Although feed costs have come down from the record levels that resulted from the 2012 drought, they remain well above levels prior to 2012. That’s according to the Economic Research Service (ERS) of the U.S. Department of Agriculture that recently updated its historical regional milk cost of production estimates. The 2016 total U.S. feed cost estimate is reported at $14.24 per hundredweight (cwt.) by ERS, $4.08 per cwt. higher than the 2010 level, yet $2.58 per cwt. lower than the record level recorded in 2013.

Growers versus buyers

The national look at feed costs masks an important story that has unfolded the past few years between dairy producers who grow their own feed versus those who purchase a majority of their feed needs. ERS provides regional feed cost information that highlights the difference between purchased and homegrown feed costs.

In the ERS Fruitful Rim region, which includes California, 2016 feed costs remained $5.45 per cwt. above the 2010 level and are only $1.49 per cwt. lower than 2013. In this ERS-defined region, 84 percent of feed costs are purchased feeds.

In contrast, the ERS Northern Crescent region, which includes Wisconsin, reported 2016 feed costs to be $3.94 per cwt. above the 2010 figure and $3.88 per cwt. lower than the 2013 level. Purchased feed expenses are only 53 percent of total feed costs in the Northern Crescent region.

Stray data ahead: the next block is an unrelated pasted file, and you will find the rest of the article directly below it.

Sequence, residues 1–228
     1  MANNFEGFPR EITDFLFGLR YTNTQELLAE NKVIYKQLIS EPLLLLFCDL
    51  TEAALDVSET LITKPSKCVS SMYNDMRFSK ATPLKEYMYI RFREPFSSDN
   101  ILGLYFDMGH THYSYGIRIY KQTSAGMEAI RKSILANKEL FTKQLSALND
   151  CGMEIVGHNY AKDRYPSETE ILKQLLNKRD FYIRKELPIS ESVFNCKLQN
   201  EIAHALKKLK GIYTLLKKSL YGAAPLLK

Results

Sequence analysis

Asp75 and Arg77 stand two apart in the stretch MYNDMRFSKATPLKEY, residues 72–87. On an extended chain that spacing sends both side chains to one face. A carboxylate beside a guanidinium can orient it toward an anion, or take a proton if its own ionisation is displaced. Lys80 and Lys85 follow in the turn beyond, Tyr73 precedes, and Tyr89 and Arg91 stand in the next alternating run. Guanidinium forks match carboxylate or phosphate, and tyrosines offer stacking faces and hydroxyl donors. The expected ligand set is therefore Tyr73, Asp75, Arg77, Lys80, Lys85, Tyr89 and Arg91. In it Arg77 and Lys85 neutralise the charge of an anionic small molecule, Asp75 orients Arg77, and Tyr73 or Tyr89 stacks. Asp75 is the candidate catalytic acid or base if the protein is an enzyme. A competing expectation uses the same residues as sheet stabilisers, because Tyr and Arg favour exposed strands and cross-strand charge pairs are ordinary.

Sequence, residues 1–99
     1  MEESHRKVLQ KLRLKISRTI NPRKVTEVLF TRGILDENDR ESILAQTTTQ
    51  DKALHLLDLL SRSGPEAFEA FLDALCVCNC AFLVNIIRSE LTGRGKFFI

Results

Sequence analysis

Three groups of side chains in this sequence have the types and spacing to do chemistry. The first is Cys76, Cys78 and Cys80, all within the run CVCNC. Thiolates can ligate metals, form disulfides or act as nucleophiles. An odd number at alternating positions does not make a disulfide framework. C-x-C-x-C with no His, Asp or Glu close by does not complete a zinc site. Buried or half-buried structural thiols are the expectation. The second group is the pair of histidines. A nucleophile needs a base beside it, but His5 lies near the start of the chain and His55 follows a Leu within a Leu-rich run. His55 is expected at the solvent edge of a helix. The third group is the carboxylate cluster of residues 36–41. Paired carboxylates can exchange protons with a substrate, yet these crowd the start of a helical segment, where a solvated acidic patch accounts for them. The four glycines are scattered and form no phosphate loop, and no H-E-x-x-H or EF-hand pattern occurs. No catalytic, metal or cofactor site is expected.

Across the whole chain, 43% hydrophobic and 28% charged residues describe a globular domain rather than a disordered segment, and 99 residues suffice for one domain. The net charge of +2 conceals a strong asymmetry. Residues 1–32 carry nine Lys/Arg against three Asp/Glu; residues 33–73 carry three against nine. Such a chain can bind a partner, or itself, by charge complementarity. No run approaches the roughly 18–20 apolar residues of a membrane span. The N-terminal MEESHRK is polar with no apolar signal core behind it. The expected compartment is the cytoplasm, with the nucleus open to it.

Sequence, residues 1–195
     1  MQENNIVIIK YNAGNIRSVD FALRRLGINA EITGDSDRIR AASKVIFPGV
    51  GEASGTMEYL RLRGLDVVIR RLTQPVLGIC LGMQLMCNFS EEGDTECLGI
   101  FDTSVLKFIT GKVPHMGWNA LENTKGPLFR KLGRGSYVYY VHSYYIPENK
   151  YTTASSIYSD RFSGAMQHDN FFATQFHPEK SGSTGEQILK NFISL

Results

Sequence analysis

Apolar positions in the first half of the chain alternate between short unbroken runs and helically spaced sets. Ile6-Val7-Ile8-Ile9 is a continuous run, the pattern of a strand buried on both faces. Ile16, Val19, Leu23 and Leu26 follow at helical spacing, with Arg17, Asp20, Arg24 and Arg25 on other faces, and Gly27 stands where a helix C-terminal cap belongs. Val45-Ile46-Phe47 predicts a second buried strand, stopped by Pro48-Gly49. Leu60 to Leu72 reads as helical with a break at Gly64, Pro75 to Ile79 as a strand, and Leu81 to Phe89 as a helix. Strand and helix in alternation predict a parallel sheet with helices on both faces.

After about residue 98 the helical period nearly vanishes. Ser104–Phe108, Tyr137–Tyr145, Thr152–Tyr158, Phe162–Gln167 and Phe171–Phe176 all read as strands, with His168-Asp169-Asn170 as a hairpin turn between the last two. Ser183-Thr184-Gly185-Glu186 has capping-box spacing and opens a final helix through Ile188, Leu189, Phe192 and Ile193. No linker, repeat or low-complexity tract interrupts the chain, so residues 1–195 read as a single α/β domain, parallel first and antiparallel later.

The recent milk production report shows declines in milk production in California and Idaho, states that are included in the ERS Fruitful Rim region. Meanwhile, Wisconsin and Michigan, states that are included in the Northern Crescent region, reported growing milk production. This change in milk production growth relative to historical growth trends might highlight that the larger decline in feed costs reported in the Northern Crescent region has had some influence on milk supplies. Although ERS has not yet provided 2017 feed cost estimates, they will likely remain near the 2016 levels.

Feed and the farm bill

As the farm bill debate is unfolding, the role of feed costs in the MPP margin should not be overlooked. The 2016 annual average feed cost tallied $8.07 per cwt., virtually unchanged from the 2010 annual average. The MPP annual average feed cost level fell by $4.78 per cwt. over the 2013 to 2016 period.

The change in the MPP feed cost relative to the change in ERS reported feed costs over the 2010 to 2016 period provides ample reason for further exploration of a future MPP feed cost component. While the difference between purchased and homegrown feed costs is one factor affecting regional differences in ERS cost of production estimates, that factor alone does not explain all of the differences between ERS feed costs and the calculated MPP feed costs.

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(c) Hoard's Dairyman Intel 2017
October 9, 2017
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